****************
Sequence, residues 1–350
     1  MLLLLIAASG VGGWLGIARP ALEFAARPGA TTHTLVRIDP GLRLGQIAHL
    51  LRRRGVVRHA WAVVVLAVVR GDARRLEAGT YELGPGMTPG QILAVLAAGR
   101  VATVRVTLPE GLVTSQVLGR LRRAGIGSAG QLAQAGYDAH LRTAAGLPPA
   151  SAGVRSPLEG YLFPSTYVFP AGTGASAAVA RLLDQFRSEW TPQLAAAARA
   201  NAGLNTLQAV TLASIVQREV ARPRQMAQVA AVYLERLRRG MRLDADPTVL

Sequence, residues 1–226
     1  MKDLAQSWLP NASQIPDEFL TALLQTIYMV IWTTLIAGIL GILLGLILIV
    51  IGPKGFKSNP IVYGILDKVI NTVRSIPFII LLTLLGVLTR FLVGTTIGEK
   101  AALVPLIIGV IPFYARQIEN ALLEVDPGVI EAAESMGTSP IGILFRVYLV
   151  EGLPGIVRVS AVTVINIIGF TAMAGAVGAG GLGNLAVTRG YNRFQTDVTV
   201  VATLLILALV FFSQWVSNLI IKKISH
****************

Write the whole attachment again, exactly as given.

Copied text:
Sequence, residues 1–350
     1  MLLLLIAASG VGGWLGIARP ALEFAARPGA TTHTLVRIDP GLRLGQIAHL
    51  LRRRGVVRHA WAVVVLAVVR GDARRLEAGT YELGPGMTPG QILAVLAAGR
   101  VATVRVTLPE GLVTSQVLGR LRRAGIGSAG QLAQAGYDAH LRTAAGLPPA
   151  SAGVRSPLEG YLFPSTYVFP AGTGASAAVA RLLDQFRSEW TPQLAAAARA
   201  NAGLNTLQAV TLASIVQREV ARPRQMAQVA AVYLERLRRG MRLDADPTVL

Sequence, residues 1–226
     1  MKDLAQSWLP NASQIPDEFL TALLQTIYMV IWTTLIAGIL GILLGLILIV
    51  IGPKGFKSNP IVYGILDKVI NTVRSIPFII LLTLLGVLTR FLVGTTIGEK
   101  AALVPLIIGV IPFYARQIEN ALLEVDPGVI EAAESMGTSP IGILFRVYLV
   151  EGLPGIVRVS AVTVINIIGF TAMAGAVGAG GLGNLAVTRG YNRFQTDVTV
   201  VATLLILALV FFSQWVSNLI IKKISH